# Given a string of a million numbers, return all repeating 3 digit numbers

I had an interview with a hedge fund company in New York a few months ago and unfortunately, I did not get the internship offer as a data/software engineer. (They also asked the solution to be in Python.)

I pretty much screwed up on the first interview problem...

Question: Given a string of a million numbers (Pi for example), write a function/program that returns all repeating 3 digit numbers and number of repetition greater than 1

For example: if the string was: `123412345123456`

then the function/program would return:

```
123 - 3 times
234 - 3 times
345 - 2 times
```

They did not give me the solution after I failed the interview, but they did tell me that the time complexity for the solution was constant of 1000 since all the possible outcomes are between:

000 --> 999

Now that I'm thinking about it, I don't think it's possible to come up with a constant time algorithm. Is it?

You got off lightly, you probably *don't* want to be working for a hedge fund where the quants don't understand basic algorithms :-)

There is *no* way to process an arbitrarily-sized data structure in `O(1)`

if, as in this case, you need to visit every element at least once. The *best* you can hope for is `O(n)`

in this case, where `n`

is the length of the string.

Although, as an aside, a nominal

`O(n)`

algorithmwillbe`O(1)`

for a fixed input size so, technically, they may have been correct here. However, that's not usually how people use complexity analysis.

It appears to me you could have impressed them in a number of ways.

First, by informing them that it's *not* possible to do it in `O(1)`

, unless you use the "suspect" reasoning given above.

Second, by showing your elite skills by providing Pythonic code such as:

```
inpStr = '123412345123456'
# O(1) array creation.
freq = [0] * 1000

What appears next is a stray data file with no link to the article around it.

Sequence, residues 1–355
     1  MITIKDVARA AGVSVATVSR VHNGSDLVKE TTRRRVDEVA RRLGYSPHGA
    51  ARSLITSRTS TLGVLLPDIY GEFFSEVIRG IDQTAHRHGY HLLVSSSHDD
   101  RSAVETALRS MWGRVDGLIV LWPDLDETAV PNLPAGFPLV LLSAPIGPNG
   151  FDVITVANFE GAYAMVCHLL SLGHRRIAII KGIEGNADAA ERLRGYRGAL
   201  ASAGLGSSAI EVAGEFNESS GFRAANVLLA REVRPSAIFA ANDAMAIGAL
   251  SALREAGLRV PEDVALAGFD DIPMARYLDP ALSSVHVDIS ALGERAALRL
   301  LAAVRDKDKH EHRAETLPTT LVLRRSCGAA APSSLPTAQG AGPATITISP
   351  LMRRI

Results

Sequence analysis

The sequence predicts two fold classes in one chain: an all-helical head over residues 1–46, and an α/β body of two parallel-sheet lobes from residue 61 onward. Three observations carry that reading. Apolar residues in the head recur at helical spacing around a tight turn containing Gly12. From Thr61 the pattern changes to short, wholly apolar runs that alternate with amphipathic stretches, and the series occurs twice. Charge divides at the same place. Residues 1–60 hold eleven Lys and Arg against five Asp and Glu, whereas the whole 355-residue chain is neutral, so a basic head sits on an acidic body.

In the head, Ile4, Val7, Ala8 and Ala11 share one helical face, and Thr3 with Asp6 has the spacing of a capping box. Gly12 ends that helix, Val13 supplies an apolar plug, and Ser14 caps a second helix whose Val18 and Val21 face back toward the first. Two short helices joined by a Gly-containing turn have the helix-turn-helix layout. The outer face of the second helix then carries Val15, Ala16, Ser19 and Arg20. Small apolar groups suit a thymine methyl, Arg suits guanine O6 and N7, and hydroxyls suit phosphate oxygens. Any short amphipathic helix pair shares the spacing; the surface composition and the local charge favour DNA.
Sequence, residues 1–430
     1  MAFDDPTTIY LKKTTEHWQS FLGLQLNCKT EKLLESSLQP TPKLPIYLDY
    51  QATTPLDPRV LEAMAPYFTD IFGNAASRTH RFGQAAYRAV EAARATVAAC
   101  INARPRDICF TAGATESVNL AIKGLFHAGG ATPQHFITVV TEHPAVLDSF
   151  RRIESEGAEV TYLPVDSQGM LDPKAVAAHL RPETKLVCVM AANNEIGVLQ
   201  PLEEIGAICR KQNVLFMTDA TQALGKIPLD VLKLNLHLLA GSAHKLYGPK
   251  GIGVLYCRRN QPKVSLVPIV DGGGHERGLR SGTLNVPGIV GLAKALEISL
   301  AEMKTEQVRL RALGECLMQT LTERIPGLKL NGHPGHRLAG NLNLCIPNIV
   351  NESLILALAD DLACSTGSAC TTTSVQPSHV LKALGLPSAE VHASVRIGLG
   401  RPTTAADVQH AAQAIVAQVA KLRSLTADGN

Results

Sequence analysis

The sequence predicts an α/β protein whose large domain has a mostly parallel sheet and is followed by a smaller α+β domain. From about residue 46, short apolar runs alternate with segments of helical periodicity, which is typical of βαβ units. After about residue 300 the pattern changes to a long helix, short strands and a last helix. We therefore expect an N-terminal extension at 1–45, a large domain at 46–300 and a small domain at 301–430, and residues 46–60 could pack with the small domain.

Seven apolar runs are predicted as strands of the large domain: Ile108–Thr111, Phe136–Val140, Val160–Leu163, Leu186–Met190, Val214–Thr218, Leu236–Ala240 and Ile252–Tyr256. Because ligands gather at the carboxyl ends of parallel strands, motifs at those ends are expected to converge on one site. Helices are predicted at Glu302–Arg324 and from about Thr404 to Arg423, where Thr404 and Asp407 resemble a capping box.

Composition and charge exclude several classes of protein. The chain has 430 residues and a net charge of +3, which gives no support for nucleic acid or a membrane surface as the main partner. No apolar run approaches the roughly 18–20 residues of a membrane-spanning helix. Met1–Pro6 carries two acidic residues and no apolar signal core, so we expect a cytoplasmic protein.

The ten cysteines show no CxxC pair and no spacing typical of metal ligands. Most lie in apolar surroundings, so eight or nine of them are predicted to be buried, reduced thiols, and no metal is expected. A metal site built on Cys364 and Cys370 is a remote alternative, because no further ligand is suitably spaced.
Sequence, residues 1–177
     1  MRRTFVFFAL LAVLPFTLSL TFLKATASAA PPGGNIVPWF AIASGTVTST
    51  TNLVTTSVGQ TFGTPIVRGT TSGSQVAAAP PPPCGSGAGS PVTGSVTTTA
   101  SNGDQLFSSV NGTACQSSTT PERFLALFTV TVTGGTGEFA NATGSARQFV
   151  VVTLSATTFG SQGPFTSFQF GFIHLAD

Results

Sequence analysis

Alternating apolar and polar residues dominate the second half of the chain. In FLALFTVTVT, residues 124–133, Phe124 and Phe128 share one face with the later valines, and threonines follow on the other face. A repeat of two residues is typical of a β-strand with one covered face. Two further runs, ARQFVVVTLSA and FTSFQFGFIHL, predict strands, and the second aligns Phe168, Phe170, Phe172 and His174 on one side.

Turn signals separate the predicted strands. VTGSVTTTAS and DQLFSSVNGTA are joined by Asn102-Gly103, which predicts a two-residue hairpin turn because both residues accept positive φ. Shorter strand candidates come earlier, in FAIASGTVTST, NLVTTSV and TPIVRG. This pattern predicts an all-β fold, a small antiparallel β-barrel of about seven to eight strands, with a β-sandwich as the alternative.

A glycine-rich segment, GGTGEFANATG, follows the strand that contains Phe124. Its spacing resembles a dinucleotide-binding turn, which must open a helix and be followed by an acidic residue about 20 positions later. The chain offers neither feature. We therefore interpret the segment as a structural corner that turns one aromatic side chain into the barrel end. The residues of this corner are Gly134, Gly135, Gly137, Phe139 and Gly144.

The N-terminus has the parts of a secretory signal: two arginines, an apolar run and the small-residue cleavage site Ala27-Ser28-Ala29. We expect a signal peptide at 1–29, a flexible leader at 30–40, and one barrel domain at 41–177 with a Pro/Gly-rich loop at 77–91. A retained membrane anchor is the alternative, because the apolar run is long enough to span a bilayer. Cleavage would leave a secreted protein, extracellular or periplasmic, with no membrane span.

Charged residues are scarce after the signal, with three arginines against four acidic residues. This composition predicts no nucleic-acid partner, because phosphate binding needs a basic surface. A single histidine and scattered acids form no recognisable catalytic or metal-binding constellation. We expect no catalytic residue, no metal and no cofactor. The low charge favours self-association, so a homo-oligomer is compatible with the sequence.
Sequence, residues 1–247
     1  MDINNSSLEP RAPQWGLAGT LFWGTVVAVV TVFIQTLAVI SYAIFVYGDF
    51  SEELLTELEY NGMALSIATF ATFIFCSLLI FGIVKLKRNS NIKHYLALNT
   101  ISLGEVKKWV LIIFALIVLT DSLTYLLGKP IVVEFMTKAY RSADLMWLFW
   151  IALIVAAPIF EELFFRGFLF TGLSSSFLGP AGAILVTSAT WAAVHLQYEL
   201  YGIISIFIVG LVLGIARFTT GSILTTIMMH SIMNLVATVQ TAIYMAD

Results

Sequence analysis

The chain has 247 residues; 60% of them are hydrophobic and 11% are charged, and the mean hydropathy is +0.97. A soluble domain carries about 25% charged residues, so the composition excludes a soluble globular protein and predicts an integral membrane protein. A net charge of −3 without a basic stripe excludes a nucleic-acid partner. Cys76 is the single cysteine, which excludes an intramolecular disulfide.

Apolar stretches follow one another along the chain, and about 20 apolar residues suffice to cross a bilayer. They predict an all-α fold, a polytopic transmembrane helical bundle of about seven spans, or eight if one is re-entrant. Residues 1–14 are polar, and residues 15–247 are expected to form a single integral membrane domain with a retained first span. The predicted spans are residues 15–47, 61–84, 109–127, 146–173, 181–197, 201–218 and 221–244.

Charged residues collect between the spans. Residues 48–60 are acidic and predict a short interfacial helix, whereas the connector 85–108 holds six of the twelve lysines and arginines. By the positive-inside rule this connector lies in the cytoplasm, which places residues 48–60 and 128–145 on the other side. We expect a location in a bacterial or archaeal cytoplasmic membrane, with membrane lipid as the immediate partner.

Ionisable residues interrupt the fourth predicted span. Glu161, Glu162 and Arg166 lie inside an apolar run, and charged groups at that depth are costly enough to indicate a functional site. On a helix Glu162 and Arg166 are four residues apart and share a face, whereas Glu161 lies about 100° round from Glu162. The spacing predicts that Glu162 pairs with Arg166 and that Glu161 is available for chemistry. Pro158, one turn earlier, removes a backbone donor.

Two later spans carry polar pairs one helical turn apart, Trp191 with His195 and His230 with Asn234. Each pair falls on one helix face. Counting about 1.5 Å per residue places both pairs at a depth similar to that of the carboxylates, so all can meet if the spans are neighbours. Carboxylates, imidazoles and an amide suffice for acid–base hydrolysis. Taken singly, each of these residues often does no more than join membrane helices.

# O(n) string processing.
for val in [int(inpStr[pos:pos+3]) for pos in range(len(inpStr) - 2)]:
freq[val] += 1
# O(1) output of relevant array values.
print ([(num, freq[num]) for num in range(1000) if freq[num] > 1])
```

This outputs:

```
[(123, 3), (234, 3), (345, 2)]
```

though you could, of course, modify the output format to anything you desire.

And, finally, by telling them there's almost certainly *no* problem with an `O(n)`

solution, since the code above delivers results for a one-million-digit string in well under half a second. It seems to scale quite linearly as well, since a 10,000,000-character string takes 3.5 seconds and a 100,000,000-character one takes 36 seconds.

And, if they *need* better than that, there are ways to parallelise this sort of stuff that can greatly speed it up.

Not within a *single* Python interpreter of course, due to the GIL, but you could split the string into something like (overlap indicated by `vv`

is required to allow proper processing of the boundary areas):

```
vv
123412 vv
123451
5123456
```

You can farm these out to separate workers and combine the results afterwards.

The splitting of input and combining of output are likely to swamp any saving with small strings (and possibly even million-digit strings) but, for much larger data sets, it may well make a difference. My usual mantra of *"measure, don't guess"* applies here, of course.

This mantra also applies to *other* possibilities, such as bypassing Python altogether and using a different language which may be faster.

For example, the following C code, running on the same hardware as the earlier Python code, handles a *hundred* million digits in 0.6 seconds, roughly the same amount of time as the Python code processed *one* million. In other words, *much* faster:

```
#include <stdio.h>
#include <string.h>
int main(void) {
static char inpStr[100000000+1];
static int freq[1000];
// Set up test data.
memset(inpStr, '1', sizeof(inpStr));
inpStr[sizeof(inpStr)-1] = '\0';
// Need at least three digits to do anything useful.
if (strlen(inpStr) <= 2) return 0;
// Get initial feed from first two digits, process others.
int val = (inpStr[0] - '0') * 10 + inpStr[1] - '0';
char *inpPtr = &(inpStr[2]);
while (*inpPtr != '\0') {
// Remove hundreds, add next digit as units, adjust table.
val = (val % 100) * 10 + *inpPtr++ - '0';
freq[val]++;
}
// Output (relevant part of) table.
for (int i = 0; i < 1000; ++i)
if (freq[i] > 1)
printf("%3d -> %d\n", i, freq[i]);
return 0;
}
```

From: stackoverflow.com/q/47581326

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